Nixon, Kevin , Gandolfo, Maria , Crepet, William .
New insights into early Fagaceae based on Turonian fossil material from New Jersey.
Turonian sediments from New Jersey have produced a wide array of angiosperm floral and fruit remains. These sediments are ca. 90 million years old, and constitute the oldest records for several important angiosperm clades, some very specific (e.g., Clusiaceae) and others much more generalized (e.g., a broad array of ericalean taxa). We report here on at least three different taxa of fagaceous inflorescences/flowers that exhibit a range of characters relevant to the evolution of the cupule and monoecy in the family. The first of these are loosely organized proto-cupulate inflorescences that appear to have a mixture of fertile, bisexual flowers subtended and protected by thickened axes bearing reduced male and/or sterile flowers at the tips and subtended by cupule bracts. The second type of fagaceous fossil has much more delicate flowers, probably staminate, in catkins resembling modern quercoid/trigonobalanoid male inflorescences, with oblate pollen with rugulate sculpturing. The third of these are isolated tricarpellate epigynous (morphologically) bisexual flowers and male flowers with typical fagaceous morphology (triangular cross-section, six tepals, reflexed short free styles, and enlarged style-bases resembling the stylopodia found in some modern Fagaceae in both bisexual and male flowers). These latter fossils have prolate castaneoid-like tricolp(or)ate pollen, with parallel striations. Based on overall morphology and distinct differences in trichome type and distribution, we believe these to be from three different species, probably representing very distinct early fagaceous clades. These fossils shed light on possible early transitions from condensed, somewhat unorganized bisexual inflorescences to modern organized female cupules. The isolated flowers suggest an early stage of andromonoecy in the family, varying from mixed male-bisexual inflorescences or separate male and bisexual flowers (inflorescences unknown) and at least one species with male-only catkins resembling modern quercoid/trigonobalanoids.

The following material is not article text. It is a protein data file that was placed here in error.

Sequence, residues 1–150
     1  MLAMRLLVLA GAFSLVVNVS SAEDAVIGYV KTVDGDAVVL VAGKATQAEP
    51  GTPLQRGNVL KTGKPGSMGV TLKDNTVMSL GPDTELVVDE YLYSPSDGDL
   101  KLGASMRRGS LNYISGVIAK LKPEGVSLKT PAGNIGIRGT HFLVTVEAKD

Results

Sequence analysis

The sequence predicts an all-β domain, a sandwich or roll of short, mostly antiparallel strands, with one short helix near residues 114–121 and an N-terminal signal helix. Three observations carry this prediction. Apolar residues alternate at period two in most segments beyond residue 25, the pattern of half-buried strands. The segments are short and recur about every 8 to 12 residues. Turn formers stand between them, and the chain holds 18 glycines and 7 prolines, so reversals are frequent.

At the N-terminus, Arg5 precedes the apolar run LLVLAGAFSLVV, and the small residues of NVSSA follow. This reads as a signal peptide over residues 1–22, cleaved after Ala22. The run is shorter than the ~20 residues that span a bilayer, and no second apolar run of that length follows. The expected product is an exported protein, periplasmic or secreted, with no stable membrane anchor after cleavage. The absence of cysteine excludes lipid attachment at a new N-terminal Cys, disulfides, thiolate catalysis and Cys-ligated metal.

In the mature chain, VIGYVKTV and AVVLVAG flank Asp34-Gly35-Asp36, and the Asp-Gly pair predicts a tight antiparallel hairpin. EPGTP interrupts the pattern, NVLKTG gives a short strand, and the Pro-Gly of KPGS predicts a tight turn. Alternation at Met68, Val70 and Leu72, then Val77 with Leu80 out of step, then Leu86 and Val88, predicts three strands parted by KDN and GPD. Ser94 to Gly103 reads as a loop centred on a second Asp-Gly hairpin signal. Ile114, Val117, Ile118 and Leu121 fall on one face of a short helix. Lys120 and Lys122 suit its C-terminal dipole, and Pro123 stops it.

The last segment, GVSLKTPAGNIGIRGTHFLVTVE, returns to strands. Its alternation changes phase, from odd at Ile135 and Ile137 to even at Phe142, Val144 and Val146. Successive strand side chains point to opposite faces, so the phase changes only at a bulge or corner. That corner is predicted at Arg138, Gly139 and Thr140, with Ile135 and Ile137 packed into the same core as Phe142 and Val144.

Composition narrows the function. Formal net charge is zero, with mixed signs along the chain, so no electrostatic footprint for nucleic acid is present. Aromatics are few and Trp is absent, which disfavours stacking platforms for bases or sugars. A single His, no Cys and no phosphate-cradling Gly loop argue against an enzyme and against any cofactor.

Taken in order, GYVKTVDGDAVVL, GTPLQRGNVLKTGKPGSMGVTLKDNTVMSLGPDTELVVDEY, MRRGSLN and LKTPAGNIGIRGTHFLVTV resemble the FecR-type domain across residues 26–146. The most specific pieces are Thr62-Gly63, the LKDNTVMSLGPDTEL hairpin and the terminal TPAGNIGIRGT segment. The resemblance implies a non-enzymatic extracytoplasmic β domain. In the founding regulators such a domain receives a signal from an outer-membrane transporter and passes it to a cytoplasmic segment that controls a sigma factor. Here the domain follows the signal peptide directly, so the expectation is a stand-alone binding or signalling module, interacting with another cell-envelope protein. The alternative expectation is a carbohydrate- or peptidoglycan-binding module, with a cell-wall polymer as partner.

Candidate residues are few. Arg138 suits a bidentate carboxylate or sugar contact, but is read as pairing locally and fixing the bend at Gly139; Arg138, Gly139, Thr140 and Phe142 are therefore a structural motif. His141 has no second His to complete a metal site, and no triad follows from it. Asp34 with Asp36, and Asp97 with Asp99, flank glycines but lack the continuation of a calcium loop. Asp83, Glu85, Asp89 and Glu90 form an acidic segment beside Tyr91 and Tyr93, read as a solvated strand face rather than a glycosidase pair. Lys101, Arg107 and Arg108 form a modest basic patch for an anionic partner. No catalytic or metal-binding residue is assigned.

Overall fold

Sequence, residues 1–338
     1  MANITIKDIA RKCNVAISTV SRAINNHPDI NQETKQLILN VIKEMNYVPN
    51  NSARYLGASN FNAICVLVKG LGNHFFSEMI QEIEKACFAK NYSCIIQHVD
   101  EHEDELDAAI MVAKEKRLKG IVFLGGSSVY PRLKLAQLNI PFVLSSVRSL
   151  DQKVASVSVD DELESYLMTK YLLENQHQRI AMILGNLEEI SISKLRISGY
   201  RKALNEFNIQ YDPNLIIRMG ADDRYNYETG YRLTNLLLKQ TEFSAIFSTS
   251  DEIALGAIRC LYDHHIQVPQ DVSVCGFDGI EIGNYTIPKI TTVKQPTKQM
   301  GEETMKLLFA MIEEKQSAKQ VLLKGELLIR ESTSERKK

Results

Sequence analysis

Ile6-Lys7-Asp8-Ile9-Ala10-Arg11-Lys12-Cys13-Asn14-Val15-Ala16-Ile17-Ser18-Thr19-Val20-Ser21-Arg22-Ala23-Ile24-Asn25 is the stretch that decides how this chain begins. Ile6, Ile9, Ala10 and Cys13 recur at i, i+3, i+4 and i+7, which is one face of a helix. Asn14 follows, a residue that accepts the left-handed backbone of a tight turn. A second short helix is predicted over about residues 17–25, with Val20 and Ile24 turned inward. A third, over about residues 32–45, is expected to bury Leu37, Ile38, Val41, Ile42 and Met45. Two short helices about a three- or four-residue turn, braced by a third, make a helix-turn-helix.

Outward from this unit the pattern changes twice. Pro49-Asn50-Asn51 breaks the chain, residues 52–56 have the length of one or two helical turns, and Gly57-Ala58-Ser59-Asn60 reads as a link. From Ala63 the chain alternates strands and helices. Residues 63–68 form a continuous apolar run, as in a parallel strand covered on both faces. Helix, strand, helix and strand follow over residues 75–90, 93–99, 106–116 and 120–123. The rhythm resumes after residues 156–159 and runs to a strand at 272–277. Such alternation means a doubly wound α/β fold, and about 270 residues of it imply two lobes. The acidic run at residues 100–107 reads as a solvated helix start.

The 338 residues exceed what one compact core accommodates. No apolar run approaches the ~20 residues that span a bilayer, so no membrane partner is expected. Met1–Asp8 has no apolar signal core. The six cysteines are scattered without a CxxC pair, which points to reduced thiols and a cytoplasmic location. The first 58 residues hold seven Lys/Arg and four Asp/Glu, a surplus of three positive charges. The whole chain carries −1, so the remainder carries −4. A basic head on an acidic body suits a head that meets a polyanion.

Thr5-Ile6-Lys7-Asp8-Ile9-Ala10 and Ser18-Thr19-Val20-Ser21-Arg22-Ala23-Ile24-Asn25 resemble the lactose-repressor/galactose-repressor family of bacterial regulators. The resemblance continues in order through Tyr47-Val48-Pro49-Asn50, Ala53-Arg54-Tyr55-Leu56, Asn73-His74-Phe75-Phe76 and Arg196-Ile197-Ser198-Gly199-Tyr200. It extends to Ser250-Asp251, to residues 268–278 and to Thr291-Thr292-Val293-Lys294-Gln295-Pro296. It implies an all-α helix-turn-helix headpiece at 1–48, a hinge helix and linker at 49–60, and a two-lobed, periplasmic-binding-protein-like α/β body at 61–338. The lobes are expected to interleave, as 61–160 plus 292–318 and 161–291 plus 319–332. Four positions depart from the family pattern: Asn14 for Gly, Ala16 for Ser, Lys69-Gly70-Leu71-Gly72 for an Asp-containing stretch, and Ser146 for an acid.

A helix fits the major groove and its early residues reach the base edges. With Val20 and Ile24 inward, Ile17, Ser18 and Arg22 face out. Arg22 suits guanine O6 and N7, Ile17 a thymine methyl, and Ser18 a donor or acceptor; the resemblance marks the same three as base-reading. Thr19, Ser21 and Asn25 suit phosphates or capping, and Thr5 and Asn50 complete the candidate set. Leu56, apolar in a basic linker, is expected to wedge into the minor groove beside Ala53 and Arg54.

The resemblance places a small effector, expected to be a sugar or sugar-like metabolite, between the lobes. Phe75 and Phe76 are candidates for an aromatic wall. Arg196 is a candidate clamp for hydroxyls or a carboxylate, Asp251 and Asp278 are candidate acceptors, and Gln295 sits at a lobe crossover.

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1 - Cornell University, L. H. Bailey Hortorium, Department of Plant Biology, 412 Mann Library, Ithaca, New York, 14853, USA
2 - Cornell University, LH Bailey Hortorium, Department of Pant Biology, 410 Mann Library Biulding, Ithaca, NY, 14853-4301, USA
3 - Cornell University, L. H. Bailey Hortorium, Department of Plant Biology, 412 Mann Library, Ithaca, NY, 14853, USA
Presentation Type: Oral Paper:Papers for Sections
Location: 555A/Convention Center
Date: Tuesday, August 3rd, 2010
Time: 10:30 AM